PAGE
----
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Is the job candidate manageable?

November 1, 2005 By    

This is the final column in the series of hiring the best in the propane industry. The three original questions I asked in the beginning of the series were:

 Carl Hughes
Carl Hughes

Does the candidate have the ability to do the job? Is the able candidate willing to do the job? Is the able and willing candidate manageable within your organization?

The third and final leg of the hiring criteria is to determine if your candidate is someone who can be managed by you. Any breakdown in the process of an employee not following your directions and instructions prevents you from achieving the most important objective: getting work done through others. A fully capable and willing candidate may have a wonderful resume of experiences, but may not pass this last crucial test.

Consider what manageable means to you. None of us are perfect in any role and certainly not as managers. The point is to hire those qualified individuals who will work within your managerial style.

If you are a hands-off type of manager, you do not want to hire a candidate who requires a lot of direction and guidance. If you need tight control and prefer to closely supervise others, a more creative self-starter type of employee probably would not be a great fit.

Next you want to gain insight to their work history related to being directed by others. As you interview and conduct work history and reference checks, avoid candidates who:

  • have had a history of “bad bosses;”
  • demonstrate a low tolerance for taking direction and instruction;
  • appear to have all the answers before they understand your needs; and
  • appear to be inflexible.

Instead, look for candidates who have:

  • good listening skills;
  • the ability to take criticism;
  • a work history of going along with a sudden management change on decisions; and
  • demonstrated flexibility in past roles.

Customer Service Representative – The repetitive tasks and responsibilities of these inside clerical and administrative roles require constant focus and attention. Diversions abound in these settings.

Does this candidate continue to perform as consistently when you are away as when you are present? Those who don’t stick to their tasks in your absence will divert others from their roles and you’ll see productivity fall.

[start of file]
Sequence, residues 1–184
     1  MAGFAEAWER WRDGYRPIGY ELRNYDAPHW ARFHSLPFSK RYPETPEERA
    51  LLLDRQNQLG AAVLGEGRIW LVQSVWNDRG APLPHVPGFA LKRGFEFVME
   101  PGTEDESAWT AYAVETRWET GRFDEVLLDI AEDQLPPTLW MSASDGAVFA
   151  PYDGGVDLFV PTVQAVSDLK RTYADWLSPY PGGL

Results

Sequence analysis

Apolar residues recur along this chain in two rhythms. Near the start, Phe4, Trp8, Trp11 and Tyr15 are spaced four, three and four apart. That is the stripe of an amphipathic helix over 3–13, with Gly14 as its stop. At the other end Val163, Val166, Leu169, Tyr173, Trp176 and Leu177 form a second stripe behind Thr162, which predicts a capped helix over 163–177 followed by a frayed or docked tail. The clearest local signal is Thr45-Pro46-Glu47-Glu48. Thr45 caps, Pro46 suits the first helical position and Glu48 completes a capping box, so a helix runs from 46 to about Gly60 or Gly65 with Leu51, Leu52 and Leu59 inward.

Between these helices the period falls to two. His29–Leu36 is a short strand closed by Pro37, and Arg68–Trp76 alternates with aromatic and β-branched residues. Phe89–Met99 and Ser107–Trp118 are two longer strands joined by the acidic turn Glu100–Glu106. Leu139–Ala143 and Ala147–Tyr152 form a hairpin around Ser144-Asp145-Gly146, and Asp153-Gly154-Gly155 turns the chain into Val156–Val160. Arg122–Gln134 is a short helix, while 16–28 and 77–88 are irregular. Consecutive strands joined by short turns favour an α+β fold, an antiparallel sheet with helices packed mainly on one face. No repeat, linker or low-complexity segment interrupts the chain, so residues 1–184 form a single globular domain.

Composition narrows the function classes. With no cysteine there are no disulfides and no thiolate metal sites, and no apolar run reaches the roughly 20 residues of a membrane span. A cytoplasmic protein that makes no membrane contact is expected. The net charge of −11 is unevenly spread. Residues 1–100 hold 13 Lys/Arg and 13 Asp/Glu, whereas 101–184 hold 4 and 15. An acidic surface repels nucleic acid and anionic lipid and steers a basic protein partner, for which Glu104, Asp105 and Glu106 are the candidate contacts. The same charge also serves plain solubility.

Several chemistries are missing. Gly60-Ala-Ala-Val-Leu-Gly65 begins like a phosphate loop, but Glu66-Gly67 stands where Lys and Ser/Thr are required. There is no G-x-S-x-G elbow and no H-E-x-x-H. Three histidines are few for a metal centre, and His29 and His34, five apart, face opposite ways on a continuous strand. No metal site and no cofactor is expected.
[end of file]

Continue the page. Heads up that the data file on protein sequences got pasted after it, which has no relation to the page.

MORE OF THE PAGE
Driver/Technician – Conflict arises when a capable driver or service employee consistently chooses to do things his or her way. We all know there is more than one way to accomplish a lot of tasks.

Those who process the work your way – even though they may feel more comfortable with another method – are demonstrating an ability to be managed. Those who consistently buck your direction will present an ongoing challenge.

Managers – Good managers are hard to come by. The deterioration of a business unit often happens at the managerial level with disagreements between a company’s leader and its managers.

Your candidate must demonstrate the ability to follow your lead. Doubts about the manageability of a prospective manager are not to be ignored. Because you will expect them to get work done through others, those managers who will not follow your lead will create a wave of negative issues in the organization.

Loyalty and trust also are part of the equation. You must have loyal employees who support your company’s efforts and initiatives.

Some people are loyal and others are not. Disloyal people come in different forms. There are those who stay with companies for a long time, so they are not necessarily the same as “job hoppers.” But they can disrupt work activity with subtle negative influences on co-workers.

Trusting employees are not defensive and not concerned about being taken advantage of. They generally share a trait similar to loyalty that follows an individual from job to job.

The last four columns have addressed how to hire the best people for your propane business. And now we’ve added the elements of trust and loyalty. With these tips on “hiring the best in the propane industry,” I wish you the best of luck!

Carl Hughes is vice president of business development for Inergy LP. He can be reached at or at 816-842-8181.

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